Figure 1. Initial Phishing Page
To the user, the page appears to be a legitimate Amazon login page.
Behind the scenes, however, numerical HTML encoding of Unicode
characters are prevalent throughout the page serving up the fake
Amazon login page, as shown in Figure 2. This tactic helps to evade
Figure 2. Numerical HTML encoding of Unicode
Characters in the Amazon phishing page.
Redirection Analysis and Evasion Techniques
The malicious actor behind this phishing campaign regularly updated
connect.php on the initial compromised host. The purpose of the
initial host is to redirect users to infected machines hosting
phishing sites where the phishing template page has been uploaded. As
these endpoint phishing sites get taken down, a new one is established
and the redirection page is modified to point to the new phishing page location.
Figure 3 shows an example of a complete redirection chain.
Figure 3. Redirection Chain example
After the initial redirection to the second URL in the chain, the
first thing the server does is include an anti-detection module. This
anti-detection module blocks certain IPs, including search engines
such as Google, anti-phishing tools such as Netcraft, and other
network service providers. This makes the website not detectable by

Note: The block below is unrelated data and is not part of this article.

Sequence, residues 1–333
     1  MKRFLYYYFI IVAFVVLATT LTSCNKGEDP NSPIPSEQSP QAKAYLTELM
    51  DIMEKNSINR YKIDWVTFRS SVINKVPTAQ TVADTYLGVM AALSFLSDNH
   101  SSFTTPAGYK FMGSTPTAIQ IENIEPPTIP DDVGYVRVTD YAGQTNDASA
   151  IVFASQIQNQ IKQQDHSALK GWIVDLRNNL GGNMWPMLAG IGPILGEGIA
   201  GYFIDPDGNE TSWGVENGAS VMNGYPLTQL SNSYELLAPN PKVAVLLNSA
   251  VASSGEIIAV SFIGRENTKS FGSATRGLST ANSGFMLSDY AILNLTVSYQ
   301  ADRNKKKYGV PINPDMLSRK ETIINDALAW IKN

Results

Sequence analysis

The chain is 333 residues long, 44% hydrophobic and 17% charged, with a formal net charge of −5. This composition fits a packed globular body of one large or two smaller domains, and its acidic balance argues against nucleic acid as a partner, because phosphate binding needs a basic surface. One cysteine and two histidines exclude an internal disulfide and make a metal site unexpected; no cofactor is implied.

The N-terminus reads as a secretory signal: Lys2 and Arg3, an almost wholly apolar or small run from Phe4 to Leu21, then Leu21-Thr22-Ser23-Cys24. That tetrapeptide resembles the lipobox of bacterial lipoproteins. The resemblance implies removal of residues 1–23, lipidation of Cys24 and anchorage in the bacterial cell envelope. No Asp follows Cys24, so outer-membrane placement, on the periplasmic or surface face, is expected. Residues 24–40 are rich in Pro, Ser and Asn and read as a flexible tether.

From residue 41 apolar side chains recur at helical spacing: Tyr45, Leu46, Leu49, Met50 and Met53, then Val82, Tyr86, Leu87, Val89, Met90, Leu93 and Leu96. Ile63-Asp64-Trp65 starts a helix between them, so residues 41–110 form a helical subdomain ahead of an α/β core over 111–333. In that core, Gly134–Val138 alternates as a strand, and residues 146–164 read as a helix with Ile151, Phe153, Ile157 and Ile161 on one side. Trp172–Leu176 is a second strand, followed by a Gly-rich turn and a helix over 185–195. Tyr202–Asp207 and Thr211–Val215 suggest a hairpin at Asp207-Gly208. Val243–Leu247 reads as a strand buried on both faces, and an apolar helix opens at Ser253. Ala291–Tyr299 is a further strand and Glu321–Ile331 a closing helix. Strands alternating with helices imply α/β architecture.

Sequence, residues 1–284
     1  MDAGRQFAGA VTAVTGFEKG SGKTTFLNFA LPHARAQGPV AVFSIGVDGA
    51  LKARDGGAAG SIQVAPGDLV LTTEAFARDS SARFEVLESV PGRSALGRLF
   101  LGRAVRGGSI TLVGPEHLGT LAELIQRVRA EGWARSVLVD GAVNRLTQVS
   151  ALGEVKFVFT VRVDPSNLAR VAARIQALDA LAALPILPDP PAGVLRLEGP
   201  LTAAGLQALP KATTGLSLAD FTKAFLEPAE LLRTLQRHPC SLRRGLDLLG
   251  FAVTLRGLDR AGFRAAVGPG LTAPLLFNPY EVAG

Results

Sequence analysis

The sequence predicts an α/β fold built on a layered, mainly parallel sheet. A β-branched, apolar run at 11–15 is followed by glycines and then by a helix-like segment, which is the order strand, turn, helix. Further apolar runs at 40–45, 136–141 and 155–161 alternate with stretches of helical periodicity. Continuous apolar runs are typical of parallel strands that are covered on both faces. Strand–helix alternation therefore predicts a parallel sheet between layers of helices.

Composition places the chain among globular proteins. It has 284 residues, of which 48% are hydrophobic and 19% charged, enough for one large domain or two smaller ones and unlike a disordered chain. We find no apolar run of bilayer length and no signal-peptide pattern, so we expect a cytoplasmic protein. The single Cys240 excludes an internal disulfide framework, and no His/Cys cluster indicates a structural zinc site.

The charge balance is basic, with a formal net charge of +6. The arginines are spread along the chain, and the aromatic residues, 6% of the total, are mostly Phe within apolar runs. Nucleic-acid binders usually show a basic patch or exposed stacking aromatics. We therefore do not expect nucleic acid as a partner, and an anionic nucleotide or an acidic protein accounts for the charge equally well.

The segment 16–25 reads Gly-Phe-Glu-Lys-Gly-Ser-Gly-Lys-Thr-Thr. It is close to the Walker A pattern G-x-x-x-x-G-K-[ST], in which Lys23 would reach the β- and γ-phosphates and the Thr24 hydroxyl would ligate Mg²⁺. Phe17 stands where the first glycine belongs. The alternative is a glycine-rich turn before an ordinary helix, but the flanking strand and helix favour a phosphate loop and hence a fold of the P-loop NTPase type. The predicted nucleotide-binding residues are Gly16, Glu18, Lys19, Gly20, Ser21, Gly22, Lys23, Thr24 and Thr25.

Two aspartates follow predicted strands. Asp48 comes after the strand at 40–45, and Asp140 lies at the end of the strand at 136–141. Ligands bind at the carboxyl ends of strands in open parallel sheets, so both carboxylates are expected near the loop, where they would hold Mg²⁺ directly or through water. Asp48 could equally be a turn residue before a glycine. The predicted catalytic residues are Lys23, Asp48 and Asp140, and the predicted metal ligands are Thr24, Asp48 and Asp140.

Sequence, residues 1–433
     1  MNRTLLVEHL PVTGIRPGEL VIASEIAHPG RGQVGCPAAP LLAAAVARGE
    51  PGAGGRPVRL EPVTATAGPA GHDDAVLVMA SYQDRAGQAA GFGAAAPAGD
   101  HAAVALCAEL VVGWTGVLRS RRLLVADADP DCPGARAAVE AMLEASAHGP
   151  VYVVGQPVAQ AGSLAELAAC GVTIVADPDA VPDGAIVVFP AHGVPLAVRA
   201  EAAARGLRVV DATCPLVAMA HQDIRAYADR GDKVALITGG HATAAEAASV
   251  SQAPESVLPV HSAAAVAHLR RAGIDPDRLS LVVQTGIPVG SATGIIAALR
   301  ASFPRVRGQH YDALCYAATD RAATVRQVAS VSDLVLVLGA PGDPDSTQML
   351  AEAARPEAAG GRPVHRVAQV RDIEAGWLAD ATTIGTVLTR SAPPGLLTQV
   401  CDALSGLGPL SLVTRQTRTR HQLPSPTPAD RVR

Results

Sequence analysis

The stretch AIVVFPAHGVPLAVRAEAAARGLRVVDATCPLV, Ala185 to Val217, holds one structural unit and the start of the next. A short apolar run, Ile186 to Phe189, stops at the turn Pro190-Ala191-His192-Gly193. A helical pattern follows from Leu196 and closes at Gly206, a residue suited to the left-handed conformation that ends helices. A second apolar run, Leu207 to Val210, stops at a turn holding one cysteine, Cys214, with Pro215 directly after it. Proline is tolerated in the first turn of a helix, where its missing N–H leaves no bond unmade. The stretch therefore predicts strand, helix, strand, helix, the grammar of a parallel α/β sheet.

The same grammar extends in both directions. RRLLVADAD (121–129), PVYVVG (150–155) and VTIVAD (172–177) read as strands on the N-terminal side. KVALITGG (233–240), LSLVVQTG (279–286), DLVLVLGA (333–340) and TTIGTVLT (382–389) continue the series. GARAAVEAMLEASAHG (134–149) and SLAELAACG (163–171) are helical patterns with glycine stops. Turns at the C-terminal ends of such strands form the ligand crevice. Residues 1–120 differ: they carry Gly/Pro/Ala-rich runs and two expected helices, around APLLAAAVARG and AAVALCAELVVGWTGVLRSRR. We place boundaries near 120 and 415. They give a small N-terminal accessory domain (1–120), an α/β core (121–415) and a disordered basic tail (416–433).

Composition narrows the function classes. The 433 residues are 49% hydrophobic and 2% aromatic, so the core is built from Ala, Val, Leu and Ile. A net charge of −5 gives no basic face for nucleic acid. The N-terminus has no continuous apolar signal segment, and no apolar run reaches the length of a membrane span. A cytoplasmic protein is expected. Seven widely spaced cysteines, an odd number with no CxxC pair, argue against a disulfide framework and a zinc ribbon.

bots by returning a 404 Not Found page instead of continuing
redirection to the phishing template. An example of the extracted IP
based anti-detection code is shown in Figure 4.
Figure 4. IP based anti-detection code
The next action the server takes if their IP is not banned is to
record a log of the victims who visit the page. Code extracted shows
that the logging includes the visitor’s IP, user-agent, operating
system, browser, hostname and referer information, as shown in Figure 5.
Figure 5. Visitor tracking code
Figure 6 shows the debug log file left by the template writer.
Figure 6. Debug log file
After logging the user information, code is executed to create a
random md5 hash path name for the phishing page that will ultimately
be served to the end user. After all resources are copied to the
random path, the server redirects the visitor to this path